If you have a garden you probably don’t need anyone to tell you about the effect it can have on your wellbeing. But if you want more evidence of how having that little patch of land can benefit your health, here’s what two recent studies have to say about the matter.
The first study was carried out by the University of Exeter and the Royal Horticultural Society (you can read it in the journal Landscape and Urban Planning).
The researchers analysed information on almost 8,000 people collected by Natural England. They found those who spend time in their gardens are much more likely to say they’re in good health – both physically and mentally – and are more active than others who steer clear of gardens. You don’t have to do lots of gardening either. In fact the same benefits were found in people who simply went out in their garden to relax.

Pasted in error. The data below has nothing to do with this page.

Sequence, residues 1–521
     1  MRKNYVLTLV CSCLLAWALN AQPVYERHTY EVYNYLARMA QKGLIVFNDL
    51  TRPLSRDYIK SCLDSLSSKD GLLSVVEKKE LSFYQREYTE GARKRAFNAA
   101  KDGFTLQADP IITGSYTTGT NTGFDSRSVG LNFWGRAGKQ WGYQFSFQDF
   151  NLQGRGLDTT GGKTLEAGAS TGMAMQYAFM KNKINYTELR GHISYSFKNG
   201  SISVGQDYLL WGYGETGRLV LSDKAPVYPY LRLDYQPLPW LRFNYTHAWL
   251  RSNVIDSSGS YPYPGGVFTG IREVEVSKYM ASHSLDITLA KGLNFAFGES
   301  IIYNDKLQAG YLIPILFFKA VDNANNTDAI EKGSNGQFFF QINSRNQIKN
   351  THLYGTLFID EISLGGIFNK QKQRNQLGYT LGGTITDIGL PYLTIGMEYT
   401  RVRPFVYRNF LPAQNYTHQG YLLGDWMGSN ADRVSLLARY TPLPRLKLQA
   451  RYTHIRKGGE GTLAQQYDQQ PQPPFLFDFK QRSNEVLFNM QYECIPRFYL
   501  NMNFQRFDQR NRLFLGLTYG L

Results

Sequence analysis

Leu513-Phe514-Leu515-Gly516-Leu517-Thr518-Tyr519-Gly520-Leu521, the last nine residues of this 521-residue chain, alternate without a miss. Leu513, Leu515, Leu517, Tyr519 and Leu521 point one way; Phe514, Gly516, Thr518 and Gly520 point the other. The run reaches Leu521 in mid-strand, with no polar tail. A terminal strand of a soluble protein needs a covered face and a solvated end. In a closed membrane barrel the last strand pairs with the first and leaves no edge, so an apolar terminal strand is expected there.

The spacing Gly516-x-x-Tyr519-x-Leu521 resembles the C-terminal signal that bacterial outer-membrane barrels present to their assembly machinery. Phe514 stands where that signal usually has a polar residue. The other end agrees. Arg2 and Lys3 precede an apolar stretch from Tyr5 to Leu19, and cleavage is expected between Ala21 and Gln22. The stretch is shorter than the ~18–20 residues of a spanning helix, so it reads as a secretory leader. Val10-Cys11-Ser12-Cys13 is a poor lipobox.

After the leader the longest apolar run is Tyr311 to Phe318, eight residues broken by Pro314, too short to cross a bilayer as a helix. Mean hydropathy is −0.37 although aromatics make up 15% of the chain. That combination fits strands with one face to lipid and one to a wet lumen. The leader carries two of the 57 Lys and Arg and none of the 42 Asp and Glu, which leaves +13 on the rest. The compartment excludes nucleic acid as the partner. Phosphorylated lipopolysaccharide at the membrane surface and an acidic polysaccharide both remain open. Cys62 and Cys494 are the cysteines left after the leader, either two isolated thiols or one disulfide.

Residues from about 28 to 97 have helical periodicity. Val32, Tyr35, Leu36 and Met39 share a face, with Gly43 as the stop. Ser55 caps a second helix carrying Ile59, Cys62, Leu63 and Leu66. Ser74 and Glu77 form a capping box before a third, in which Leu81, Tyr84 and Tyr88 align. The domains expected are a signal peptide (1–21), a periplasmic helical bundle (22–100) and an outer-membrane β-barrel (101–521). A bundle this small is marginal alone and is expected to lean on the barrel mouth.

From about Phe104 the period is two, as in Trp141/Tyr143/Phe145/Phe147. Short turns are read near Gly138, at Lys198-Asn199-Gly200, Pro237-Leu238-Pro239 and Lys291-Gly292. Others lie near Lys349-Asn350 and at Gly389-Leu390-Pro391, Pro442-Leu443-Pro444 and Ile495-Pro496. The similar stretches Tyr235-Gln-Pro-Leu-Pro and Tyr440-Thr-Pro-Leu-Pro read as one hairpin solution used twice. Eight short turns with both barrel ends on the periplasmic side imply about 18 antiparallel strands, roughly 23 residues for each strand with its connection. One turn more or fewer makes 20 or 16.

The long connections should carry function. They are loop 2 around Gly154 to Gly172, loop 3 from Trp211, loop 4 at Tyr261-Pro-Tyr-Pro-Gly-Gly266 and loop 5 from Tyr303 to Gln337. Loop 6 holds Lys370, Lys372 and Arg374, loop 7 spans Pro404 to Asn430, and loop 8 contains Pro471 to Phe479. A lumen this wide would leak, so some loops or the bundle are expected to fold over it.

Meanwhile Princeton researchers have discovered that gardening is as good at boosting your emotional wellbeing as other activities such as biking or walking.
Also published in the journal Landscape and Urban Planning, their study found the happiness benefits of gardening were similar across racial boundaries and between urban and rural areas.
The researchers also discovered home gardening was in the top five activities in terms of how meaningful an activity felt to people while they were doing it.
Need more proof of the benefits of back gardens? Read how gardening boosts body image.